Posted by Sheila Shayon on February 4, 2015 01:50 PM
The iconic Energizer bunny is getting turbo-charged. Energizer has just launched the first-ever high-performance AA alkaline battery partially made from recycled cells. The brand will debut a marketing campaign for its EcoAdvanced battery line on February 16, with the re-energized Energizer Bunny returning in a starring role.
About four percent of the new power pack is made from old batteries alchemized with an "active ingredient"—the secret sauce being kept under wraps by Energizer—to provide longer-lasting energy without using so much new material.Continue reading...
chew on this
Posted by Dale Buss on February 2, 2015 03:05 PM
First, let's address the No. 1 question on the mind of any Chipotle fan: When are carnitas coming back? Well, the answer is, not as soon as you'd hoped. And it's complicated.
But now let's turn to news that will excite Chipotle customers: Its "Cultivating Thought" series of commissioned writings printed on its cups and carry-out bags—like the 21st century version of the stuff boomers used to read on the back of cereal boxes—will soon be returning.
Chipotle has commissioned best-selling author Jonathan Safran Foer to return as curator of the series, with ten new and notable writers—including Paulo Coehlo, Neil Gaiman, Barbara Kingsolver, Augusten Burroughs and Amy Tan—creating original content to be featured on the packaging.
"Consumers are so used to being marketed at through any channel available. To give them something that isn't marketing creates a nice emotional connection," Chris Arnold, Chipotle communications director, told brandchannel. "We've called this an analog pause in a digital world, but it's also just a break away from what consumer are generally bombarded with."Continue reading...
chew on this
Posted by Mark J. Miller on January 26, 2015 11:19 AM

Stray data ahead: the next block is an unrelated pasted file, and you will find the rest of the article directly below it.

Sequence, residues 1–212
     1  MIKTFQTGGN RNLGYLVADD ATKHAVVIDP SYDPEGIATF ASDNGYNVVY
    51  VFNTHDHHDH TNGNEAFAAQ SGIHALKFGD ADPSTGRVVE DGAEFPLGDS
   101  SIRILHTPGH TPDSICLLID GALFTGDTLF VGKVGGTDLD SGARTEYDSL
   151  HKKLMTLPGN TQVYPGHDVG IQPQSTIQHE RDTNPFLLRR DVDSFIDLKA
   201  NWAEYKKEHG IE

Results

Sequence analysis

Cadbury has already alarmed chocolate fans with fears that changes to its iconic, Easter-ready Crème Eggs would trickle overseas.
While Mondelez-owned Cadbury is trying to calm those fears at home in the UK, including releasing a new commercial promoting the limited-edition creamy egg concoction, America's Hershey chocolate conglomerate "won kudos for not changing Cadbury's Crème Egg recipe after the UK's decades-old version was tinkered with," as Fox News puts it.
It turns out that overseas chocolate lovers, at least in the US, have cause to worry after all, because Hershey is no longer willing to share shelf space in America with British chocolates that have any resemblance to its products whatsoever.Continue reading...
sip on this
Posted by Mark J. Miller on January 13, 2015 10:58 AM
Coca-Cola’s Share a Coke campaign has gone worldwide, enticing consumers with the ability to see their own or their friends' names replace the logo on a can or bottle of Coke. Since launching in 2011 in Australia, it has been so popular that the campaign is now in more than 50 countries.
The latest local market launch is Nigeria, featuring 600 names that “have been picked from the rich array of names across the various regions” of the country, according to a press release. If customers can’t find a can or bottle in stores now with the desired name, they will “have the chance to create their own personalized” one during a nationwide activation next month.Continue reading...
Posted by Dale Buss on January 2, 2015 02:04 PM
Faced with the urgency of overcoming slow-growing Pepsi sales with outsized gains by its other beverage products, PepsiCo has launched a fruit-flavored water brand called Drinkfinity, developed in Brazil and initially only available in that market.